Posted on | September 12, 2007 | By Guest Contributor | 2 Comments
Before we share the final post of this year with you, we would like to take this opportunity to wish everybody a Kesiva V’Chasima Tova. May we all merit another fruitful year of learning, giving and growing together. – David & Mark
By R’ Mordechai Scher
Every year, without fail, the same memories are dominant in my mind during the month of Elul. As I wonder and worry, yet again, how will I possibly be ready and able to benefit most from the opportunity of Rosh HaShana, I return to the most moving public prayers I’ve known.
One such experience was in Tulkarem, an Arab-populated city in the northern Shomron, east of Netanya. I was a company medic and squad leader on reserve duty. It was the end of summer, and our compound (called the “michlaot”, animal pens) was dry, hot, and dusty. Our duties were unpleasant this time round; by day reinforcing the police in maintaining public order and enforcing curfews, at night hunting wanted terrorists in the surrounding villages and hills. I was one of the fortunate soldiers able to leave for Rosh HaShana. My family was visiting in the States, so I made the expected choice and remained in Tulkarem so that someone else could go home to his family. I chose this out of understood obligation. I didn’t want to do security patrols and worry about ambushes on Yom Tov (our battalion CO had been firebombed while on patrol in his jeep). I didn’t want to have my holiday meal in the heat, under camouflage nets. I didn’t want to pray in my fatigues, in the dust, with barely a minyan, precariously perched on folding benches.
We could be sure of a minyan only for morning services, since we were all needed on patrols throughout the day. Nonetheless, there were many yeshiva students in our neighbouring armoured battalion, and we got services organised. Ashkenazim and Sepharadim prayed together, as we had neither the numbers nor the facilities to fully accommodate both customs. We prayed the Shachrit service lead by an Ashkenazi, and the Mussaf service led by a Sepharadi. As long as I live, I do not expect to follow a more moving service than the Mussaf, that Rosh HaShana. I was awed and inspired then, and I am whenever I call up that experience in my heart.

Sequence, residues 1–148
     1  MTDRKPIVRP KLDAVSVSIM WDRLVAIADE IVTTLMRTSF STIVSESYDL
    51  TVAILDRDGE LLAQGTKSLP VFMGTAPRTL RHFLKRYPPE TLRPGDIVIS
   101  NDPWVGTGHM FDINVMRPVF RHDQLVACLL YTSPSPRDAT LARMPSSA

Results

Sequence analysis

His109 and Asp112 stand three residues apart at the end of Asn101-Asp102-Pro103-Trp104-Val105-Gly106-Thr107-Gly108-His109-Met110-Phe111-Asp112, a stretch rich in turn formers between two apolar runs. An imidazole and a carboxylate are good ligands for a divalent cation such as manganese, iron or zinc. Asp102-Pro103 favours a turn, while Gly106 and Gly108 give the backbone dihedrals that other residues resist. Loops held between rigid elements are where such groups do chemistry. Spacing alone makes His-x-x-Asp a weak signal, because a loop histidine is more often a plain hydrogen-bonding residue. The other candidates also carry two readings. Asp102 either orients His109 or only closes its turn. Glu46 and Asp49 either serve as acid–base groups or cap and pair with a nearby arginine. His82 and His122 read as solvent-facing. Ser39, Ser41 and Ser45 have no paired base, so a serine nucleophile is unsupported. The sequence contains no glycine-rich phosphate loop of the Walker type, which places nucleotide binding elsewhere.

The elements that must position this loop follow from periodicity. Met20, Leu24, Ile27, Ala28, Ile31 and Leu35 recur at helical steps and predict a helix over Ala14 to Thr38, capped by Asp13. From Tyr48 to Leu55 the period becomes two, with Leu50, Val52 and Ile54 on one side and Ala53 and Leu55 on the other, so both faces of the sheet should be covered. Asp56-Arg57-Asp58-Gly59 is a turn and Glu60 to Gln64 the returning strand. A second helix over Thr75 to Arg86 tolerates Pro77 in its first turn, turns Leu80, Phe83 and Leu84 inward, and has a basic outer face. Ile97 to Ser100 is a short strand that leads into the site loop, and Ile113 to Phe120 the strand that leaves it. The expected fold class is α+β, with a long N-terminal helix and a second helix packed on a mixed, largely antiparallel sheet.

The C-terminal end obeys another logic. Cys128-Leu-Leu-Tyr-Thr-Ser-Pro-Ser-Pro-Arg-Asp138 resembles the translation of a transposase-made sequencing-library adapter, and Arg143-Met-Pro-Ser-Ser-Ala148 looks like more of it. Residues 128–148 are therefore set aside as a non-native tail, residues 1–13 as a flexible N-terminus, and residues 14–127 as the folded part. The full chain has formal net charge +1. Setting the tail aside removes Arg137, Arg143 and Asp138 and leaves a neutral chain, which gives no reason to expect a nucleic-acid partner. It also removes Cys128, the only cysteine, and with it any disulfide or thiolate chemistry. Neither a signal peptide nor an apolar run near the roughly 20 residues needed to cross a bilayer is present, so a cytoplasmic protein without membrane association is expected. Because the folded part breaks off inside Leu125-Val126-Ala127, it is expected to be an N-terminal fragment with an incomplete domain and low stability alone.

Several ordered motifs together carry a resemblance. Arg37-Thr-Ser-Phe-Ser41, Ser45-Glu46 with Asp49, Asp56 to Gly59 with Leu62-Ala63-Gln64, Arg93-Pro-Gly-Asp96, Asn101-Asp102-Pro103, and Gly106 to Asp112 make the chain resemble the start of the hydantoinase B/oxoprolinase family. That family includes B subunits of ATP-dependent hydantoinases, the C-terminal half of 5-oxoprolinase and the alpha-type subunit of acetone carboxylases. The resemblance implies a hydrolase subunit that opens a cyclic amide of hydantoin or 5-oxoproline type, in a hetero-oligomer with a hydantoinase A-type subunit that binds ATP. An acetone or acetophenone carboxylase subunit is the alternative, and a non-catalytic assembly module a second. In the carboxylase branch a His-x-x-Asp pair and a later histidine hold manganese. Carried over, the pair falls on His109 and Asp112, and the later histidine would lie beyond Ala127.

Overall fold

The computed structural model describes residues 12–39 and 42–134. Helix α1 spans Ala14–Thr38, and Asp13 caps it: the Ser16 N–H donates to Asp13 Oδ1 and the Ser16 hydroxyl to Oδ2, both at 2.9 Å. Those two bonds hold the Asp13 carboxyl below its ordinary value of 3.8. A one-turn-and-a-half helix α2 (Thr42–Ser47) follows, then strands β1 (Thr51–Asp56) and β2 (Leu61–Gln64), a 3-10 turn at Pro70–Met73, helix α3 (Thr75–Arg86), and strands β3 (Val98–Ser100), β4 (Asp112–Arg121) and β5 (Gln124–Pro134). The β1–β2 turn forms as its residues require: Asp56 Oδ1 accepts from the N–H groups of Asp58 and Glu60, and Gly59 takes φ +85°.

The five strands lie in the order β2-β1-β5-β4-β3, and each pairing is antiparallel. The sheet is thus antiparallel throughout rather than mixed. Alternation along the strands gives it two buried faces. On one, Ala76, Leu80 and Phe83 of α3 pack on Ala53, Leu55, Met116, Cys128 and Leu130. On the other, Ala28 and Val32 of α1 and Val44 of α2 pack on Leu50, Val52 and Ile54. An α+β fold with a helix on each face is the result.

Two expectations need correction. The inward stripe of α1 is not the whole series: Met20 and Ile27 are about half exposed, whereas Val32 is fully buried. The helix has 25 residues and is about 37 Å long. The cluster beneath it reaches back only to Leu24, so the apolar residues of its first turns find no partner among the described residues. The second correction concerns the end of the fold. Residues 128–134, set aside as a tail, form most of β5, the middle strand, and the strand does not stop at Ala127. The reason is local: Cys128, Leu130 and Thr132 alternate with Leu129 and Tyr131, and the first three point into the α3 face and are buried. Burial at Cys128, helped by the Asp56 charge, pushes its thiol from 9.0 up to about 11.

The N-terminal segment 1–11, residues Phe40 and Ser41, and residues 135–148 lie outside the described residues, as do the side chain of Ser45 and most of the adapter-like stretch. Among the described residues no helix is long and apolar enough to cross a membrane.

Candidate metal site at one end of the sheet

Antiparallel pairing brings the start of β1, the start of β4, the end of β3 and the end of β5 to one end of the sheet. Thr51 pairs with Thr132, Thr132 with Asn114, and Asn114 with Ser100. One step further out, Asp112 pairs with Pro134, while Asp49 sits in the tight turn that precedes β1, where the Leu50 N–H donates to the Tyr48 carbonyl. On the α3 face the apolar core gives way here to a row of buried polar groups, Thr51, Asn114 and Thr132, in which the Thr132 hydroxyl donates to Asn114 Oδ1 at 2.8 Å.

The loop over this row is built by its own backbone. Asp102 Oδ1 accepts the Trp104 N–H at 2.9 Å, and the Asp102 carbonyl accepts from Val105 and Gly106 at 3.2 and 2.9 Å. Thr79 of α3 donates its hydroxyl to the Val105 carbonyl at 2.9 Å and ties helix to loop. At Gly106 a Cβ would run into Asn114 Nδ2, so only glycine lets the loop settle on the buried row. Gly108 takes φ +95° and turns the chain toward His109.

The young man leading Mussaf was an infantry officer in the Golani division. He was of North African descent, from a religious upbringing, and clearly knew what he was doing. I can’t recall his name, despite my gratitude to him. His prayer exemplified so much of what I aspire to in reaching for communion with G-d.
His melodies were simple, straightforward. He had a pleasant voice, and his melodies drew their beauty from deep inside him, rather than some artificially added musical adornment. His prayer conveyed and inspired confidence and awe together. He prayed as a child, confident in Avinu, our Father in heaven. He prayed as one who was safe and secure in his Father’s presence, assured that his loving Father was close by, and that all would be as it should ultimately be. He knew that he was his Father’s child, a product of his Father’s loving act, and bearing within him a soul that is the expression, the inherited characteristic from that Father. Such faith, such comfort as he communicated, was beyond words.
Together with this confident love, was a tremendous, trembling awe. Even as he prayed, he seemed about to be dumbstruck by the wonder and concern. Was he truly going to live up to his Father’s gifts to him? He was so aware that his Father is no less Malkeinu, our King. The Divine mastery, absolute and evidenced in all the Creation, required an accounting of him. How could he stand before ultimate justice, knowing his mistakes and failures? How badly might he have betrayed the relationship and confidence his Father invested in him? What might the necessary consequences be, to set aright the Divine balance he must be part of, in G-d’s people, and G-d’s creation? He, and his congregation, are the King’s children. Yet how prepared were they to live with the King, to represent Him, as they stood before Him at the height of Rosh HaShana’s accounting and judgement. Did they really accept the King’s sovereignty, and did they really accept their place as His children? Was it a hutzpa, an unforgivable arrogance, to stand before the King, and maybe not truly acknowledge Him?
I do not know how long that prayer lasted. It seemed that we had been given a glimpse of eternity, and we did not want it to end. This young officer’s prayer was naive and honest. It spoke of faith, love, confidence, and unbelievable awe. It was complex, but it was not complicated. Each year I thank G-d for having been a part of the prayer of one who was tamim — wholly with his G-d. Each year I remember, and each year I pray that I should learn to pray.